One of the first example of people using a liquid as a mouthwash to freshen their breath was by rinsing their mouth with a glass of donkey's milk. The problem was that everyone did not own a donkey. The Romans discovered that ammonia had good anti-bacteria properties, but at that time there was only one known source of it. It was found in urine and the main source of urine was from human. So the Romans used human urine as mouthwash. Incredible. Today ammonia is still one of the ingredients in mouthwash and it has been replaced by alcohol in some brands. The first antiseptic mouthwash did not appear on the market until 1893.
Again, it was the Egyptians who came up with the idea of using something on the toothbrush to improve the cleaning of the teeth and at the same time remove bad breath. They made a powdered mixture consisted of rock salt, mint, and pepper. The mixture was mixed with saliva and applied to the gum. The downside to using this was the same old problem of bleeding gum. Persians also gave it a shot of making toothpaste. They tried making toothpaste from the ashes from burnt goat's feet. This also led to gum bleeding and widespread diseases. Obviously, a lot of people died from this. In the eighteen-century, the British also tried their hands at making toothpaste. The toothpaste was made of brick dust, crushed china, and nitric acid, yes nitric acid! This toothpaste caused serious erosion of the tooth enamel. I http://morichesdentalassociates.com/dental-implants/ do not think this toothpaste stay around long.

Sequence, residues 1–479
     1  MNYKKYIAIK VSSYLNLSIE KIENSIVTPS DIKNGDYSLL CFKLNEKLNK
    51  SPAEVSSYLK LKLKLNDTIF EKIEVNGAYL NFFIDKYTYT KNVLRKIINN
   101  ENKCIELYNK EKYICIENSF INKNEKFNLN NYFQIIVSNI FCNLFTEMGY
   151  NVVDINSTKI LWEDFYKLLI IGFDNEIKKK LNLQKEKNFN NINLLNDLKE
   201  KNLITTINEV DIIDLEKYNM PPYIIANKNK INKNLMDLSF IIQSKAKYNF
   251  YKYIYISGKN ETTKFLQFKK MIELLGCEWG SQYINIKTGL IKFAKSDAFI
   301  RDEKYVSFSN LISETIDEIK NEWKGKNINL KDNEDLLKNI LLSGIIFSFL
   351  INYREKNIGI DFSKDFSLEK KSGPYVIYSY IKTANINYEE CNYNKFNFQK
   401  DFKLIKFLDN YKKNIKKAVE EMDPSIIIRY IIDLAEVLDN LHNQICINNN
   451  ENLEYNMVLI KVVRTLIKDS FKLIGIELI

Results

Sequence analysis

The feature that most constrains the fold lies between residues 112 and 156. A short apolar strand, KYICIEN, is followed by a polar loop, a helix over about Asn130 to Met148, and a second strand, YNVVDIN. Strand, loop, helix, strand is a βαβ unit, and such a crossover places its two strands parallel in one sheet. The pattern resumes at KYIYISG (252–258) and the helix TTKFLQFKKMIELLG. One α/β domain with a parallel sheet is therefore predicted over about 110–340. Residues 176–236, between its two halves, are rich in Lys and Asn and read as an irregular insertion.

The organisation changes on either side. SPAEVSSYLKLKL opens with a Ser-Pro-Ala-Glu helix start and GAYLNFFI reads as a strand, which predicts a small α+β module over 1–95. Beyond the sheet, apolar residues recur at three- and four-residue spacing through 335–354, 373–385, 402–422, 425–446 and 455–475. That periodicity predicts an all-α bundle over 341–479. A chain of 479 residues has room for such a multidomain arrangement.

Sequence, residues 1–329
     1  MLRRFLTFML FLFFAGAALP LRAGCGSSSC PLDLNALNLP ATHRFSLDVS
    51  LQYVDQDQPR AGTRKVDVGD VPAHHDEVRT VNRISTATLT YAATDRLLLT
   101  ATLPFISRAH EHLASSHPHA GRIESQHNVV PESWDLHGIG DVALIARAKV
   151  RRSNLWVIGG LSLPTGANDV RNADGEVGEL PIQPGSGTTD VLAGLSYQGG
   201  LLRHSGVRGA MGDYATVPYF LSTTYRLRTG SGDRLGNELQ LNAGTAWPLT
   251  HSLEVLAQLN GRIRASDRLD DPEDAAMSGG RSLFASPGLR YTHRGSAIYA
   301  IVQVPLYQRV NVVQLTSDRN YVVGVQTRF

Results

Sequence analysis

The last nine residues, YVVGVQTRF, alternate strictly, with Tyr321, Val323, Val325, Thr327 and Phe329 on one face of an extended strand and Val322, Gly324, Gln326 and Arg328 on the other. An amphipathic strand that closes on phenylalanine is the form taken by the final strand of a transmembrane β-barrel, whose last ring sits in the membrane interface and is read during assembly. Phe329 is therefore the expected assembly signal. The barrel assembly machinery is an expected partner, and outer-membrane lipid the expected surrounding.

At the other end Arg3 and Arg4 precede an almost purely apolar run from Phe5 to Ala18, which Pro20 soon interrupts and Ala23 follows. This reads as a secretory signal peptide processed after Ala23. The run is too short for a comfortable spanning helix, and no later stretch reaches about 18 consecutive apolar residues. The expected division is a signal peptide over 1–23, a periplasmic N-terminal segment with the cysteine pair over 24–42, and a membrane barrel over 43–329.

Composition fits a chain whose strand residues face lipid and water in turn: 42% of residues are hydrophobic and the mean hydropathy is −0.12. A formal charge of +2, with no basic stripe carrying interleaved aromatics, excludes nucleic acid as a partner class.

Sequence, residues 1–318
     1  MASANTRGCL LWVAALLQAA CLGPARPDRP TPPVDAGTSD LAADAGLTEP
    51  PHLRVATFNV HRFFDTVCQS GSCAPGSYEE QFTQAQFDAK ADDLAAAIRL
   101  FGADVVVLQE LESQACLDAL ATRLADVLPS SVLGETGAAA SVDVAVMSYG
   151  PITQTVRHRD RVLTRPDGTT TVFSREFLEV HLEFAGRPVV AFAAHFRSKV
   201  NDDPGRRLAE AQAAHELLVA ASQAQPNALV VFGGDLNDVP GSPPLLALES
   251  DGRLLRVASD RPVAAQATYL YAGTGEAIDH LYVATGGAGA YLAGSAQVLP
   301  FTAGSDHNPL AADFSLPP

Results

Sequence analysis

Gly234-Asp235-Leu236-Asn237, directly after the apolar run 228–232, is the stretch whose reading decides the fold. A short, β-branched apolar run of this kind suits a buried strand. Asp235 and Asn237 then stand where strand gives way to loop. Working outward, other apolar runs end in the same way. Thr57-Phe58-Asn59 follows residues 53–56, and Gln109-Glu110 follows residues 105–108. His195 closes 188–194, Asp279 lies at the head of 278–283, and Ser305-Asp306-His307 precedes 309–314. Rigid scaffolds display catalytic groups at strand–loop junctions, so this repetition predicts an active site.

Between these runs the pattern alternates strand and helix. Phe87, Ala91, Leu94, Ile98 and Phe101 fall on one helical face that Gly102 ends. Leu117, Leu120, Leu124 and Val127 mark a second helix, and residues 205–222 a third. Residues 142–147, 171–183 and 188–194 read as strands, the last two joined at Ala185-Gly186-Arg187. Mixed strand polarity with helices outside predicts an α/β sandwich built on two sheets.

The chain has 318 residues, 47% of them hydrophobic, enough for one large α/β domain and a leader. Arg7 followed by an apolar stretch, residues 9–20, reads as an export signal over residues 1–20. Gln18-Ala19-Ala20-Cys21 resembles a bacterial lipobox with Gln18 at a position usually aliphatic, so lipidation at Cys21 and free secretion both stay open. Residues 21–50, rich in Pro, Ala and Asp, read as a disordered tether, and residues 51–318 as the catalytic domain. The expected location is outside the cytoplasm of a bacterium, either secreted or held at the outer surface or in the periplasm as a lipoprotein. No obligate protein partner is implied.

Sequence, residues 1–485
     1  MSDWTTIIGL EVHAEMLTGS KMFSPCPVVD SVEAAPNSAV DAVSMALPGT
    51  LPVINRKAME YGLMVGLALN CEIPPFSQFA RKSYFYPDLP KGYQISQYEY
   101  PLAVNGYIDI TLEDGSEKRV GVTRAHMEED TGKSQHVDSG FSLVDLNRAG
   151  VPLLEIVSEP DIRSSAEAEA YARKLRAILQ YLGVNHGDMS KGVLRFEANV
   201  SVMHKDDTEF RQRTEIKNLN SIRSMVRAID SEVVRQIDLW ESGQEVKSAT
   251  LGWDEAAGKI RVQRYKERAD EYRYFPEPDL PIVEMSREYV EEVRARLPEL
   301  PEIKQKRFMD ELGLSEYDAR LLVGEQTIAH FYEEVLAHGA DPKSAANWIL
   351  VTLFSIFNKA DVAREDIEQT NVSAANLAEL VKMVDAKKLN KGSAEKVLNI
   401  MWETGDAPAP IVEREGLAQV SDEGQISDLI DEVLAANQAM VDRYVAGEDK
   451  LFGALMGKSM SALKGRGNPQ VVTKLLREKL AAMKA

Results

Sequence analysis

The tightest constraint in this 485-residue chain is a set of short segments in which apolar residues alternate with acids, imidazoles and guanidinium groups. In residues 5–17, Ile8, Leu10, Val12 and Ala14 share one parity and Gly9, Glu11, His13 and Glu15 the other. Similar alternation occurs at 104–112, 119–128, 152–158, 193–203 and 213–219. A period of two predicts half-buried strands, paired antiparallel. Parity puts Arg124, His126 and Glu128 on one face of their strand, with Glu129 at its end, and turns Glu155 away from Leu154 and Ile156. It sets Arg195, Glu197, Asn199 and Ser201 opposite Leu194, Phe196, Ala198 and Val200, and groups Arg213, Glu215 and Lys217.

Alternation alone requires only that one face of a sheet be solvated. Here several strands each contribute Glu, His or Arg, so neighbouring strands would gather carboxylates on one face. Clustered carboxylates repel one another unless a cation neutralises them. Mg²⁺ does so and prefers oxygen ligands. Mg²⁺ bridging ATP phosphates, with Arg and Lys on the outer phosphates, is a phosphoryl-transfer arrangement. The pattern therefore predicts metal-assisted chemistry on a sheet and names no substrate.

By the nineteen-century, there were several types of toothpaste available. There was a toothpaste in particular made from, believe it or not, charcoal powder. They must had to put up a "No smoking" sign somewhere before brushing. Can you imagine seeing a sign saying, "No smoking brushing teeth is in progress"? A lot of these toothpastes were designed to make the teeth cleaner and whiter and at the same time leave the user with a fresher breath.